ASD Action Plan: A sad observation

ASD Action Plan: A sad observation
ASD Action Plan: A sad observation

As an autistic person and a mother of autistic children, I can only feel deep unease, amazement and great disappointment with the Autism Spectrum Disorder (ASD) Action Plan filed Tuesday by the Government of Quebec.


I would first like to acknowledge Minister Lucie Charlebois' initiative to hold the first Forum québécois de l'autisme last year, as well as for developing this action plan, including autistic children and adults, filled with sincerity, compassion and good intentions.

However, I'm disappointed.

Among the planned investments, most of the money will be used to increase rehabilitation and intensive behavioral intervention (IBI) services for children aged 0 to 5 years. However, during the Forum québécois sur l'autisme, a vote was taken and 63% of the members were opposed to this unique intervention measure. ICI are increasingly questioned both for their effectiveness and for their ethical side towards the deep nature of autistic people. Families of autistic children deserve to know the truth about these methods in order to takean informed decision, but more importantly, families should have a choice in the method used.

Adapted services

Only a small portion of this plan suggests establishing guidelines for the use of other methods, but none are mentioned. Once again, during the Forum, mention was made of the SACCADE model allowing autistic people to have access to information, communication and the perception of emotions. Laurent Mottron offered a parental guidance program by equipping parents and daycare educators so that they could deal with the specific neurology of their child in their daily educational intervention.

Unlike IBI, the support methods take into account the particular cognitive structure of the autistic person. Also, there is no mention of the various services such as speech therapy, physiotherapy, occupational therapy, zootherapy, etc.


The way autism is addressed throughout the action plan leaves me with a bitter taste. Autism is neither a public he alth problem, nor a disorder, nor a deficit. Who will promote the appropriation and development of knowledge among stakeholders in the various networks?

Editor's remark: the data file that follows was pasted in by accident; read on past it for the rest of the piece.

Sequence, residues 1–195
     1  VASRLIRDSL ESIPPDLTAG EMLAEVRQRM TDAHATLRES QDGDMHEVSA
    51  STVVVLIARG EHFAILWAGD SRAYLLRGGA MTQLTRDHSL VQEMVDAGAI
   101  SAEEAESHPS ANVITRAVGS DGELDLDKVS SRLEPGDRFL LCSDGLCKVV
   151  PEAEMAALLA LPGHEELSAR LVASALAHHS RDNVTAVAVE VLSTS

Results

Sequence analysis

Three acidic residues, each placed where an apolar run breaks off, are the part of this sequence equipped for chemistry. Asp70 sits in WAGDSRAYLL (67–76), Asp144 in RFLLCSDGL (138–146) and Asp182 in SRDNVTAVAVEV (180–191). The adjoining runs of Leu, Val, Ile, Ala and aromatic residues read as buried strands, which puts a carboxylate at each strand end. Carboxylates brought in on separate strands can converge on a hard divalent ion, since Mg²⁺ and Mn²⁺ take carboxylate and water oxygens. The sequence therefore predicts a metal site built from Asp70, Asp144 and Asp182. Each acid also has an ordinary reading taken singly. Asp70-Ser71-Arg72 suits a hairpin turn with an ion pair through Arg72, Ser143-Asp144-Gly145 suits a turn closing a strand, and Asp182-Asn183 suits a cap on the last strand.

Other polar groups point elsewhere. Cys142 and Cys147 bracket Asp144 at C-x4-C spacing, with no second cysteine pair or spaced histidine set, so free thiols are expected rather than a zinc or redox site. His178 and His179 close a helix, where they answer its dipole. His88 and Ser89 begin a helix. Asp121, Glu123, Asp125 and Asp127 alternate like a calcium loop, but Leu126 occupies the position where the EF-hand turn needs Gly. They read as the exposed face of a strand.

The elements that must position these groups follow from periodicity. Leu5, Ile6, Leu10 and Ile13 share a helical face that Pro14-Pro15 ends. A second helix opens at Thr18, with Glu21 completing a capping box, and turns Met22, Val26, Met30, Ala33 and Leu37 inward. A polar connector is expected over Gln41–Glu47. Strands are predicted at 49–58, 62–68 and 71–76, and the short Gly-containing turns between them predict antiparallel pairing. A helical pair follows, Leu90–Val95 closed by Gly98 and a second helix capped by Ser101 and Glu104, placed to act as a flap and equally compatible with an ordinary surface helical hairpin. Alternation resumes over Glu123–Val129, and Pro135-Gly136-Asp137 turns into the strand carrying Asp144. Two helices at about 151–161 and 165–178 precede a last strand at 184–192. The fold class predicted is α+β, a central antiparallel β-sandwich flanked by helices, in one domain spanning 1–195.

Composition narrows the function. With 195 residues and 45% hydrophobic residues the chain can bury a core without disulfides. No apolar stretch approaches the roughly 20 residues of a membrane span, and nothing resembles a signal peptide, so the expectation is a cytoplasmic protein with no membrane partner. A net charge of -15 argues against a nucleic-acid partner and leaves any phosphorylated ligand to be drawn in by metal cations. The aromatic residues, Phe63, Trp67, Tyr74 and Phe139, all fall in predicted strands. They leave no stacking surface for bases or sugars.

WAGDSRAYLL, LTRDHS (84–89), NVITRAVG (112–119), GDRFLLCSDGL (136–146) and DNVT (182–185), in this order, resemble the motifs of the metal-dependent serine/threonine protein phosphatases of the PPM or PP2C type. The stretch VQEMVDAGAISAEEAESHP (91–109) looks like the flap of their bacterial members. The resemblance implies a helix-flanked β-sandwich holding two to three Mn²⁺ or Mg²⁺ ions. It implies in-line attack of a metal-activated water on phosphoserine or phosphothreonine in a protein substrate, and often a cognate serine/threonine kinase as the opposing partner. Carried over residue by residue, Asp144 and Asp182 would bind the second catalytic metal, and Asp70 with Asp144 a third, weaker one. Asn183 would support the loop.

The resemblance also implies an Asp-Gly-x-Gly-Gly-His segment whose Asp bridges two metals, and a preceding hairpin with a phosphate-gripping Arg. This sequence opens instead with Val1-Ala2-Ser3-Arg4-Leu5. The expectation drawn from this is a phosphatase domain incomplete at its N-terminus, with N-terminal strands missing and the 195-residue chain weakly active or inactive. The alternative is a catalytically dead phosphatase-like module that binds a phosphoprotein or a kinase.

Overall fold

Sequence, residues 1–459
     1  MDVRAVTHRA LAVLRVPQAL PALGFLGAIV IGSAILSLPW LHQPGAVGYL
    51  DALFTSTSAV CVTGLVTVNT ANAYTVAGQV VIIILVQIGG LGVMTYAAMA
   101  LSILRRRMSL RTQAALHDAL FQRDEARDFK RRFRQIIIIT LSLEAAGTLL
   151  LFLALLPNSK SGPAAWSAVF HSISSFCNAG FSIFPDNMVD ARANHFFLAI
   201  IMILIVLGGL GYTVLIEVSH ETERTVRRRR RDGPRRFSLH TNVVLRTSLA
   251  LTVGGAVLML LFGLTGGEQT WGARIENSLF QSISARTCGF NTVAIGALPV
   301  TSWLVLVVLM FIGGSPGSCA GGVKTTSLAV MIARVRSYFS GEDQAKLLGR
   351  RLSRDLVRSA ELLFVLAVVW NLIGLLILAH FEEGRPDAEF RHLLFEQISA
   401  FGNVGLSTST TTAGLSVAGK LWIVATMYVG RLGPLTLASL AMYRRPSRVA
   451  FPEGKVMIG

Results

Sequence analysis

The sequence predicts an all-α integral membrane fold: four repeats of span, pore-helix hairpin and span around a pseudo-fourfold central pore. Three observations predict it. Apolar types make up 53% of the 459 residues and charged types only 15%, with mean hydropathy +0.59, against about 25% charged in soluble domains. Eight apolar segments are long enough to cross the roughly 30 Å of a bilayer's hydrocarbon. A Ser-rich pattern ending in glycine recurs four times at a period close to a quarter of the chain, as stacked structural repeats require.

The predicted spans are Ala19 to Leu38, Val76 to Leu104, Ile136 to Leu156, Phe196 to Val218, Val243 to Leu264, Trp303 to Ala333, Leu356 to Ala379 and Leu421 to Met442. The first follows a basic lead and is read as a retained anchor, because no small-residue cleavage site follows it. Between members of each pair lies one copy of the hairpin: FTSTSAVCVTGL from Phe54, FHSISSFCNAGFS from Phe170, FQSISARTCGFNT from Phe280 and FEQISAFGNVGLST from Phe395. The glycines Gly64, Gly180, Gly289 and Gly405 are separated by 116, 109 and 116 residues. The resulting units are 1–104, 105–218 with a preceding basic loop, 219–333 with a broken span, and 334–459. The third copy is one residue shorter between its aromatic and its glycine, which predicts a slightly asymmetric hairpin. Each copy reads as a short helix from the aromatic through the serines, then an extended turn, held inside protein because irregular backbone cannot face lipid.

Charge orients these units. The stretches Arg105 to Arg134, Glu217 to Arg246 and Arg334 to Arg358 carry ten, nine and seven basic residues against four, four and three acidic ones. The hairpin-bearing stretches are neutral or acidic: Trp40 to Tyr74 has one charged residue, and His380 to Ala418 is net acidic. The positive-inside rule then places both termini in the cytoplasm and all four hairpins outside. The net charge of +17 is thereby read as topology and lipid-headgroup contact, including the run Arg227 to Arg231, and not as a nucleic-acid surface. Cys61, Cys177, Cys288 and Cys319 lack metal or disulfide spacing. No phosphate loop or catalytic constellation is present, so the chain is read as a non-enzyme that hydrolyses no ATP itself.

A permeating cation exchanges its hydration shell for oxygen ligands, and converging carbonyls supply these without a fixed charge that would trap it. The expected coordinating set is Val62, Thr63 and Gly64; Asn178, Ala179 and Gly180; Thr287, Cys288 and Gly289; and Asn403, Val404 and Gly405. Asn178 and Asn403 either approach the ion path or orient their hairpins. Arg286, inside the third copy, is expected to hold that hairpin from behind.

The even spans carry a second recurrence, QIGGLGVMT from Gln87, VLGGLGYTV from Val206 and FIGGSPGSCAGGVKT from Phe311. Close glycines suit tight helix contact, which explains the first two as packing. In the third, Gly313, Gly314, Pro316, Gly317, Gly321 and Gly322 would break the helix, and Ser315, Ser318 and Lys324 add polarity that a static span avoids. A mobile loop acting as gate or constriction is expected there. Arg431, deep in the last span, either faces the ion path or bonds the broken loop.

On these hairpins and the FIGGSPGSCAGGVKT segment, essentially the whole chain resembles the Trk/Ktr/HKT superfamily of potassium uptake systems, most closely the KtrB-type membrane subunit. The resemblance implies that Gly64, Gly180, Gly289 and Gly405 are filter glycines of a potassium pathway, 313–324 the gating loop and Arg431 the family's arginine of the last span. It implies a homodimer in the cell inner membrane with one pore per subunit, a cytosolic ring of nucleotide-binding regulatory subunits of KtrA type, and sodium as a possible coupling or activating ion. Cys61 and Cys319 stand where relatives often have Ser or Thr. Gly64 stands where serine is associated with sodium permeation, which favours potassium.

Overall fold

When we draw a general portrait of autism in Quebec, we can only see major gaps in its understanding. Thus, I wonder what will be the basis of this training and how can we help autistic people when the understanding of the functioninginternal autistic thinking is still misunderstood.

Autistic adults who could make an invaluable contribution to understanding autism have unfortunately been excluded from the development of this action plan. However, adults with autism exist, express themselves and they have a voice they want to be heard.

Unanswered Questions

Multiple concerns still remain:

  • When will autism be approached from a new angle: that of Neurodiversity?
  • When will we stop treating autism as a disorder and as an epidemiological phenomenon?
  • When will we use appropriate and respectful terminologies to talk about autism?
  • When will definitions of autism improve in order to improve understanding of autistic thinking and consider autistic people as whole persons?
  • When will we stop separating autistic people into two clans: “mild autistic” and “heavy autistic” and take into account that an autistic person evolves at their own unique pace?
  • When are we going to distinguish between autism and intellectual disability?
  • When are we going to tell the difference between autism and behavioral disorders?
  • When will the testimonies of autistic adults really be taken into account?
  • When will parents get help to accept and understand their child's condition?
  • When help and support methods are ethical and able torespect autistic thinking?
  • When will parents be equipped to offer parental guidance adapted to autistic neurology?
  • When will lateral tutelage learning methods be brought to the fore?
  • When will there be training for crisis management and understanding (autistic meltown), self-harm and other problematic behaviors?
  • When are we going to take the special needs of children and provide them with adequate support without waiting for a diagnosis?
  • When will true inclusion be fostered in schools and workplaces?

An Invitation…

I personally invite Minister Lucie Charlebois, Minister Sébastien Proulx and Minister Gaétan Barrette to the first Neurodiversity Fair to be held on Sunday, April 30 at UQUAM's SH pavilion.

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